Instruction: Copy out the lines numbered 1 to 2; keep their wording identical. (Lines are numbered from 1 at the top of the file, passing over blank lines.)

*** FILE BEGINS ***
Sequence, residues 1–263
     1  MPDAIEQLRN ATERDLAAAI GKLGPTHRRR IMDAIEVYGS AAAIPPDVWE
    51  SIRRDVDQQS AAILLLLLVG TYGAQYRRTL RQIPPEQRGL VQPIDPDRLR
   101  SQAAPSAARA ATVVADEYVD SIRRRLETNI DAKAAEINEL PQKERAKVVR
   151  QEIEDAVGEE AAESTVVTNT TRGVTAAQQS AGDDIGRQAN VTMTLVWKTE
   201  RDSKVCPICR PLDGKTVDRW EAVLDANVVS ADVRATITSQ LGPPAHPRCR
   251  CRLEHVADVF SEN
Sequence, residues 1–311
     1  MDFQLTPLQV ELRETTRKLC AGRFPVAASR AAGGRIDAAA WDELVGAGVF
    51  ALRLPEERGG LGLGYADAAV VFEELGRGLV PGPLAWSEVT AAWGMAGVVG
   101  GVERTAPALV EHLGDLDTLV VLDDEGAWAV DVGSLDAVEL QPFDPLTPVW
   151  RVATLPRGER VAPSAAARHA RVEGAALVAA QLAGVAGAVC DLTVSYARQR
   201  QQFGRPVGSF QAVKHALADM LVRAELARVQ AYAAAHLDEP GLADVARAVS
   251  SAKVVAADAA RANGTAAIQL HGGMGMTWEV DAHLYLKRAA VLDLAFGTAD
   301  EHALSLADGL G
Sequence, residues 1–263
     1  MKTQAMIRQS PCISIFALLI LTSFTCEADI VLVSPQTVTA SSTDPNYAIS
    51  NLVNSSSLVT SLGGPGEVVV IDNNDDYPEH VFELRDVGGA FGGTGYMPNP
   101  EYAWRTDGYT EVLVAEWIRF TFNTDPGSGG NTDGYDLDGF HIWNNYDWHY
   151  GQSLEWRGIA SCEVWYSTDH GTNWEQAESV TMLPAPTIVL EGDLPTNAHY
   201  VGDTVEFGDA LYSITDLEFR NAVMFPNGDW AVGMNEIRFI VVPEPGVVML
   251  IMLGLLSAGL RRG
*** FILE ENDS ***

Sequence, residues 1–263
     1  MPDAIEQLRN ATERDLAAAI GKLGPTHRRR IMDAIEVYGS AAAIPPDVWE